1. Privacy is in the spotlight
SXSW14 will be remembered for who wasn’t there. The two biggest speakers had to dial in from exile. Julian Assange spoke over Skype from the Equadorian Embassy in London. And Ed Snowden beamed in from Russia via seven proxy servers.
But it was Google’s Eric Schmidt who began the debate around privacy, saying Google was “attacked” by the US government in 2013. Assange went further: “the military occupation of the internet is the military occupation of our society.” Snowden issued a call to arms to the tech industry, “The NSA are setting fire to the future of the internet. And you are the firefighters.”
This will have implications for advertisers. As Snowden reminded us, the tools we use to communicate, like Gmail and android, are created by advertising companies, specifically with surveillance in mind. They peek into our emails to serve us targeted advertising. This opens the door for government surveillance.
My prediction: privacy will become a mainstream concern. Customers will expect brands to keep their information secure and private. And this will impact the way we deliver targeted comms.
2. The big story is… there is no big story
SXSW14 will also be remembered for what didn’t happen. There was no major launch like Twitter or Foursquare that promised to change everything.
It’s like consumers have reached saturation. Instead, the biggest new launches bolt onto your existing networks. Whisper and Secret allow you to share secrets anonymously. And Jelly, a new mobile app from twitter co-founder Biz Stone, allows you to ask questions and get answers from your wider network.
3. Genetics is the new frontier
Genetics will become a part of everyday life – that’s the message from SXSW speakers. Bioengineering has the power to transform manufacturing, according to the director of MIT media labs, Joi Ito. He predicts that we’ll be printing genes at home in our lifetime. And one day we’ll be growing a chair from a seed. As crazy as this sounds, it’s worth listening to him on this—he was an early investor in Twitter, Path, Flickr, Lastfm and Kickstarter, so he has a knack for predicting the future.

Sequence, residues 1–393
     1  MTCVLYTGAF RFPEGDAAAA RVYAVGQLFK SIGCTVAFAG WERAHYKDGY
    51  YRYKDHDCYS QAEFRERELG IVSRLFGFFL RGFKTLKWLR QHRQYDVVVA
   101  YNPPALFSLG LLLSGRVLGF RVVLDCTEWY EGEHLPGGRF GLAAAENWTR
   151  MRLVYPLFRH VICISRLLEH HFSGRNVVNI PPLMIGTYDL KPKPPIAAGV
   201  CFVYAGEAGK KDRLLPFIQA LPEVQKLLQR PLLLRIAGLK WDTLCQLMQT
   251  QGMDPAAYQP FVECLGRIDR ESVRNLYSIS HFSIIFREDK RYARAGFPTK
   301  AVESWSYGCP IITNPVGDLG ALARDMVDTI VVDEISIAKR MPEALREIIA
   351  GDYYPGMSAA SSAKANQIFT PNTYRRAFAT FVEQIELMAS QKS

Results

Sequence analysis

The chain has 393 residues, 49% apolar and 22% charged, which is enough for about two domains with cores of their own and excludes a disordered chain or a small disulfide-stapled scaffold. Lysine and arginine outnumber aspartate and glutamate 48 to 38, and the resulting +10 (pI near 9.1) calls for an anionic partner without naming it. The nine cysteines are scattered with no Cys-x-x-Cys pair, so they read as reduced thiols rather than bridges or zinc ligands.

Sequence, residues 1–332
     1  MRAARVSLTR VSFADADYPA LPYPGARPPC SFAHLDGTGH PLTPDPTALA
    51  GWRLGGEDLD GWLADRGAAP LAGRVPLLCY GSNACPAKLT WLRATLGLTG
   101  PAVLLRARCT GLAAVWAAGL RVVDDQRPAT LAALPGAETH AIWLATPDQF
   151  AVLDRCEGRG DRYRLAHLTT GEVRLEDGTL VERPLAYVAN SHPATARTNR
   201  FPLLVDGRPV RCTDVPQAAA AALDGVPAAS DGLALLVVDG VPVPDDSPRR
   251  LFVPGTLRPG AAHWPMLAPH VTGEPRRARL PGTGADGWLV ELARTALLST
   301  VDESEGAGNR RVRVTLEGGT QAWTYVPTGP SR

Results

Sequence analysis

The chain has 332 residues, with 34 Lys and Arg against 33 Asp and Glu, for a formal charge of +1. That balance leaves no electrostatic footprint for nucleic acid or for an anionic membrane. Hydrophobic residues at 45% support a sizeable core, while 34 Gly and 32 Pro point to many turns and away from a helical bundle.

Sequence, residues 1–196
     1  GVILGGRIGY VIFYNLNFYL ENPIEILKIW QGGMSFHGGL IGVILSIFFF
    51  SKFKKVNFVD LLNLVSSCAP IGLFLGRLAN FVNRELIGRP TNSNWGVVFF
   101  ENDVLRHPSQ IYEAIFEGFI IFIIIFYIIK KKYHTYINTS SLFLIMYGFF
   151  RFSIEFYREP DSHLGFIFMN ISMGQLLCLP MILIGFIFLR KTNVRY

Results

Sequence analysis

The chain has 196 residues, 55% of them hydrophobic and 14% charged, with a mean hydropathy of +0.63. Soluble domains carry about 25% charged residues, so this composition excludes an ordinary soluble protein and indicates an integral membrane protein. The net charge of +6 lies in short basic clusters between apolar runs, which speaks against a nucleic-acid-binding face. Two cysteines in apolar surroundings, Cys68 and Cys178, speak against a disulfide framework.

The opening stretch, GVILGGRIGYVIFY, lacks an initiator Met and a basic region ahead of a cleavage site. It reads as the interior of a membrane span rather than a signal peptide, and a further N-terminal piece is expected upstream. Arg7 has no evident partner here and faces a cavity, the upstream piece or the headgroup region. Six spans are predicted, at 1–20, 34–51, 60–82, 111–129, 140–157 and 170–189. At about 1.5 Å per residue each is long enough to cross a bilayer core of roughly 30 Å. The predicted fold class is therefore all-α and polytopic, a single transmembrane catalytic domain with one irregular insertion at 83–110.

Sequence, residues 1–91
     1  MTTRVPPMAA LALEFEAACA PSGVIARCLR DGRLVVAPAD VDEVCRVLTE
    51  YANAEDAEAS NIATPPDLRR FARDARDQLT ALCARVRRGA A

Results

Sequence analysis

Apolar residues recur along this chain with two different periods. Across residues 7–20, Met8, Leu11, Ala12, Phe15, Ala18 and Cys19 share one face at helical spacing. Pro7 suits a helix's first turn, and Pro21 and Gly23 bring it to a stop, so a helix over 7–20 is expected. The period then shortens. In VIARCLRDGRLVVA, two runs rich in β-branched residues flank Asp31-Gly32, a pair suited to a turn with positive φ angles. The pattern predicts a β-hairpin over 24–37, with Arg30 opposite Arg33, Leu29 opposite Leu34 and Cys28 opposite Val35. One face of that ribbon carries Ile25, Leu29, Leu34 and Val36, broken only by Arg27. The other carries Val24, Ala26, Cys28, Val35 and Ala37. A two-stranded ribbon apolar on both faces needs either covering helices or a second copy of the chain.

23andMe is already using genetics to change the healthcare system. They’ll give you a genome report for $99 (a report that costs health insurers $1,400 through traditional channels). This report allows you to own your health data and take charge of your healthcare. The revolution has been stalled however: the FDA recently ordered 23andMe to stop marketing its healthcare service.
4. Context is the new king
The closer you get to the point of sale, the greater the effect your message will have. And that’s why we’re all going to need to know about iBeacons and other location-based messaging services.
The potential for retail is clear—you arrive in a grocery store, and immediately get a targeted message that draws on everything we know about you. It could be a recipe for burritos—because tortillas are discounted on aisle five, because you bought chillies in your last shop, because it’s 5.30pm on a Friday, and because it’s a popular recipe in your area.
This is the evolution of retail’s oldest trick—the mailer. Customers always want to know what’s cheap. And now we have the power to tell you about the discounted products you’re actually likely to buy. And we can give you this message at the most useful moment—when you’re in store.
5. Online video is mainstream. Online TVs are the future.
By 2017, 60 per cent of televisions will be connected to the Internet. So who is going to feed the TV in your home?
The digital players are wiping the floor with the TV networks. A few stats: Fox has 7 million online views per month; YouTube has 190 million. Mad Men’s final episode got 2.5 million views; AOL’s own content regularly gets 8 or 9 million. And while it takes years for TV networks to add channels, Roku is adding two channels every day.
If you haven’t heard of Roku, look it up. My money says this is giving us the clearest glimpse into the future of online television.
6. Brands can be the connective tissue between new tech and real people
A real gem from Contagious magazine’s co-founder and editorial director, Paul Kemp-Robertson. Every day, we hear about a new exciting tech emerging from labs and start-ups. But mass audiences can feel intimidated by this new tech. And we’re seeing plenty of great ideas winning Kickstarter funds, but then failing to make it to market.
Brands can get these products out of beta and into the hands of consumer. They have the scale, the resources and (in most cases) the trust of their customers. They just require the vision. And the investment.
Haydn Kerr is DDB Group New Zealand’s Digital Creative Director.